Next to your home, your business is most likely where most of your wealth is concentrated. Most qualified financial planners would point out the value of receiving all cash at closing rather than worrying about whether the buyer will pay a promissory note as agreed. Typically, if a seller has to foreclose and take back the business, the business will have much less value than at the time it was sold.
Two top items a bank will want to see to consider before granting a business loan to your buyer is that the sales and cash flow trend are steady or growing, and that no one customer represents more than 10% of total sales. If there is a sales decline with a reasonable explanation, the bank usually will want to see at least three months of stable or increasing sales before considering offering an SBA-guaranteed business loan.
One way to potentially reverse a downward sales trend is to buy a book of business from a competitor. Dolan Sales, Inc. can help you with a plan or make suggestions to accomplish this, if it is of interest. Another alternative is to consider adding products or services that can be offered to find new sales. Look at who your top customers are, and then look for similar potential customers to prospect. Start a tasteful, quality e-mail blast program that has been professionally designed, with a to-the-point message (with as few words as possible). The idea is to keep in contact with your customers and potentially cross-sell other products and services.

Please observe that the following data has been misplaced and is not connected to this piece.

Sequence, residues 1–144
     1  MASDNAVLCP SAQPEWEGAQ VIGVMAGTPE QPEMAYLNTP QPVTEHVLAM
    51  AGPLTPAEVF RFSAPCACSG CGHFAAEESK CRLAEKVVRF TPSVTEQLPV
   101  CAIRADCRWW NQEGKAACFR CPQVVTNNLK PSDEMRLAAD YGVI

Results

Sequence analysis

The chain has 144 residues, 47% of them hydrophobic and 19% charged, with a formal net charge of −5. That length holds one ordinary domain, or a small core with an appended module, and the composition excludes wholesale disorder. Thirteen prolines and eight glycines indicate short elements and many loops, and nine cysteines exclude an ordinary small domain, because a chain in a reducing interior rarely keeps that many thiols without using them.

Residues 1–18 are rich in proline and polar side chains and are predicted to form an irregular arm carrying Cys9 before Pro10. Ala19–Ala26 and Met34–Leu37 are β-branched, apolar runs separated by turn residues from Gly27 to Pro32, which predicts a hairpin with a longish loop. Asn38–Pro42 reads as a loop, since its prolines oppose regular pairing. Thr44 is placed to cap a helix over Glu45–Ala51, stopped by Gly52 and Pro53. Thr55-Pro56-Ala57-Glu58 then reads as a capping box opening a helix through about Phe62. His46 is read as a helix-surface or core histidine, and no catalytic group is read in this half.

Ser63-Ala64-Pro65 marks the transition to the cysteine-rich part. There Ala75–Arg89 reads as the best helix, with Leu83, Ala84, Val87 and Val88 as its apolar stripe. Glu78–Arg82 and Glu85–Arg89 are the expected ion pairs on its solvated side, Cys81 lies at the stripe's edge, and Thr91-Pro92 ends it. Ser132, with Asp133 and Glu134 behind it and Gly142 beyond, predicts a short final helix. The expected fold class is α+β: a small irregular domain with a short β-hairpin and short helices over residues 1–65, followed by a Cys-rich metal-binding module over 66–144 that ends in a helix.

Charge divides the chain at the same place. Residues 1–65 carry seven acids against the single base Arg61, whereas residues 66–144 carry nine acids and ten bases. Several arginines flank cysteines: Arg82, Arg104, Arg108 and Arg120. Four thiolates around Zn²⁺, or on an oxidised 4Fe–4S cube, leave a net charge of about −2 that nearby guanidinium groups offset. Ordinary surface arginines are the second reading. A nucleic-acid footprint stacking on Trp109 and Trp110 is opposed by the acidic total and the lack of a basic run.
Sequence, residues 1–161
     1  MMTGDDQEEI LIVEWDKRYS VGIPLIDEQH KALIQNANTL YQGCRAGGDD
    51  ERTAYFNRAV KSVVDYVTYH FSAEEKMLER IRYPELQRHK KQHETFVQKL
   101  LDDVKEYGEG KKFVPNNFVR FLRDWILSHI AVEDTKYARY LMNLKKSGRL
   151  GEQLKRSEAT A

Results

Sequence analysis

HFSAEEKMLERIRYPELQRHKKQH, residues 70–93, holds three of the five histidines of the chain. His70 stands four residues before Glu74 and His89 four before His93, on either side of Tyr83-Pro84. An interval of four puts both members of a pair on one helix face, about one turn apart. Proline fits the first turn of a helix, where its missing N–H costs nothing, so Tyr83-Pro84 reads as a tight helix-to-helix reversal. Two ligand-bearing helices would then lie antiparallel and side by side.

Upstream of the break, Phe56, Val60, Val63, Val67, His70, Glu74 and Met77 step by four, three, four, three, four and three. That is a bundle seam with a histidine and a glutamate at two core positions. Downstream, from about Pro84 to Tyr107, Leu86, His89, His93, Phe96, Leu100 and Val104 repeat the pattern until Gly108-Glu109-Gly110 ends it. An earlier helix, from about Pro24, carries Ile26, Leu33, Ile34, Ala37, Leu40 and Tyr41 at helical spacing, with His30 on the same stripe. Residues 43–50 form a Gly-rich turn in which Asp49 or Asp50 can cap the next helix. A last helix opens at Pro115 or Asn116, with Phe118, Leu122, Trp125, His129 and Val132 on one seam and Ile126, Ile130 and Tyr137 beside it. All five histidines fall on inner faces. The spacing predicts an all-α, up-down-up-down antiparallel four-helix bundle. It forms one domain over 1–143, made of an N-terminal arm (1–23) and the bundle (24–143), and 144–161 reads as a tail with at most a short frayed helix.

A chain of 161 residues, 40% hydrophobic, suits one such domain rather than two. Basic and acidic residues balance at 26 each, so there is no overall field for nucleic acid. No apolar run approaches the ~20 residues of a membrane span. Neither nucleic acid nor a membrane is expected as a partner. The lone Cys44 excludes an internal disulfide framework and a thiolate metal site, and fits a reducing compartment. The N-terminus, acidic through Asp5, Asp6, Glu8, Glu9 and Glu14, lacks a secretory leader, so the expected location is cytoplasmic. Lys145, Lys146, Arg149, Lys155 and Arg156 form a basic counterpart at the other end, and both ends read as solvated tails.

For a confidential, no-obligation meeting to explore ways to increase the value of your business in preparation for selling, contact Bob Dolan at Dolan Sales, Inc. Bob has more than 40 years of sales, marketing, business brokerage, intermediary and M&A experience with customers nationwide. For more information, look around our website (www.dolansales.com) or visit Bob’s LinkedIn profile at www.linkedin.com/in/dolansales.
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